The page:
Colombia: Plan Mexico


February 5, 2011: Mexico is sending counter-terror and counter-narcotics personnel to Colombia to obtain training from their more experienced Colombian counterparts. Mexico is impressed by Colombian success against the drug cartels and high crime rates. Much of this was accomplished with an effort called "Plan Colombia." Over the last decade, the $8 billion the U.S. put into Plan Colombia did not, as hoped, cut cocaine production in half. Colombia put nearly as much cash into the effort, and nearly all the personnel. It was a tough slog. At one point there was actually fifteen percent more coca acreage, and the four percent more cocaine being produced. But over the last few years, production declined, although often because the coca growing is moving to other countries. All this was because of the government regaining control over a third of the country that was previously "bandit country" (and dominated by leftist rebels like FARC, and their drug gang allies). Seizures of cocaine are up, as is the price in the U.S. and Europe, where most of it is exported to. The leftist rebels have lost more than half their strength, and armed men serving the drug gangs have gone from over 60,000 to less than 20,000. The Colombian security forces accomplished this by improving training and leadership, and expanding from 279,000 personnel, to nearly half a million. Crime rates are way down, and economic activity has rebounded. The main problem with Plan Colombia was that it expected too much success too soon. But it has succeeded, and continues to. Already, the drug gangs are moving their operations to other countries, like Venezuela, Ecuador and Brazil. Colombia keeps up the pressure on the drug gangs and leftist rebels (FARC and ELN), because these groups continue to be a source of crime and economic disruption.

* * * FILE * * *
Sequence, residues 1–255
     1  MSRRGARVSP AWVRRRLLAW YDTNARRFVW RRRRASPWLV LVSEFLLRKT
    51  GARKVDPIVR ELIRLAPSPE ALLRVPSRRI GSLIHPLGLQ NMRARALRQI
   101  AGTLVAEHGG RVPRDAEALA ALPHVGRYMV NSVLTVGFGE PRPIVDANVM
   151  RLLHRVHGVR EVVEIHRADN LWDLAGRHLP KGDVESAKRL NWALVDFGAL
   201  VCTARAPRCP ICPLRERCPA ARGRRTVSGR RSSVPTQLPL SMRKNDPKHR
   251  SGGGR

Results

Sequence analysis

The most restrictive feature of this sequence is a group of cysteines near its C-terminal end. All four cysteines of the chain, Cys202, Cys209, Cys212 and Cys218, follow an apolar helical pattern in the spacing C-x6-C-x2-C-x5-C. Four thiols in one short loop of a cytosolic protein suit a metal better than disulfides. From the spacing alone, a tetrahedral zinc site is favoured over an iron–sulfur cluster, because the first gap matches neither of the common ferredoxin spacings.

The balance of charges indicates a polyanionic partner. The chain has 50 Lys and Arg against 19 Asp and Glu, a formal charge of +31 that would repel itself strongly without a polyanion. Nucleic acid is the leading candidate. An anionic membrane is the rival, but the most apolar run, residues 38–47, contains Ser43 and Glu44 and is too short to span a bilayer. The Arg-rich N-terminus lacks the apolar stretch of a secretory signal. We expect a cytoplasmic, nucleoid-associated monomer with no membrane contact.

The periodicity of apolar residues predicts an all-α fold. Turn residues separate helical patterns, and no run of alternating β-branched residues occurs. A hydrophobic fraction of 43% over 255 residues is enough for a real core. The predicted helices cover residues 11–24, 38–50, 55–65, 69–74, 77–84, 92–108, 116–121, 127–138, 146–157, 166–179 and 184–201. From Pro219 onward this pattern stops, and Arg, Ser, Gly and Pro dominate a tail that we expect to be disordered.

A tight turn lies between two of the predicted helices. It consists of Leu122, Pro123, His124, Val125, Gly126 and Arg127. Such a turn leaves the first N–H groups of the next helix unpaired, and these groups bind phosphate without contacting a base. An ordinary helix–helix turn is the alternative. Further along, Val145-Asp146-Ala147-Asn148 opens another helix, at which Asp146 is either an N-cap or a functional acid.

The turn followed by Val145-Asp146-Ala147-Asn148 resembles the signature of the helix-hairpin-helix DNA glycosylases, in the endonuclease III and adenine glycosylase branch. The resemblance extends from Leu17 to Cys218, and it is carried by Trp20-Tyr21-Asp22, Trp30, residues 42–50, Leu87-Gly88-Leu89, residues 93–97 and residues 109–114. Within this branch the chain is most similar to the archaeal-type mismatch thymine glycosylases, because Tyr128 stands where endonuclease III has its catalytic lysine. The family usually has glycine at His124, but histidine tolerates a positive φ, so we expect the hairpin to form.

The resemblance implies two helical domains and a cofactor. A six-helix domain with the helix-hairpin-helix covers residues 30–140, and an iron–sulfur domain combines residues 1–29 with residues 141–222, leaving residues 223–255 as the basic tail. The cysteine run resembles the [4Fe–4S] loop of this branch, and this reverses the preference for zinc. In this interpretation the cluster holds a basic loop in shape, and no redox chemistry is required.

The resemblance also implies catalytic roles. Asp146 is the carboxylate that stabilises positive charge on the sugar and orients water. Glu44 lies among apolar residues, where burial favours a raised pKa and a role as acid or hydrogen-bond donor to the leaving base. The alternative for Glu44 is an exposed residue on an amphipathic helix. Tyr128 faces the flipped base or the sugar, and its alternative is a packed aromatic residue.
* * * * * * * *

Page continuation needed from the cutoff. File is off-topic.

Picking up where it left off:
February 3, 2011: On the Venezuelan border, a car bomb went off near an army patrol, wounding 29 soldiers. FARC was suspected. FARC has had a hard time getting a bomb building and using campaign going. Too many civilians are willing to inform on bomb builders and users, and the proliferation of cell phones makes that easier.

February 2, 2011:  In the southwest, soldiers discovered and disarmed a car bomb, apparently built by FARC for use against the army.

January 30, 2011: A navy patrol off the northwest coast, caught a speedboat trying to smuggle over a ton of cocaine to Panama (and thence on to North America.) A lot of the northwest coast is thinly populated, with jungle coming right down to the water. Drug smugglers thus have plenty of opportunity to hide small boats, and tons of cocaine, ready to try and run past the naval patrols near the Panamanian border. But it's not just speedboats. Costa Rican police recently arrested leaders of a smuggling gang that bribed and threatened fishermen working up and down the coast (as far south as Ecuador) to carry some drugs north, along with fish they caught.  

January 21, 2011: ELN has released a sick hostage to the Red Cross. Dead hostages get no ransom, and releasing the dying prisoners garners some positive publicity. FARC does the same thing, but tends to drag out the process more to get as much media attention as possible.

In western Colombia, troops ran into several dozen FARC gunmen, killing six, and wounding or capturing over a dozen. Two soldiers were killed.





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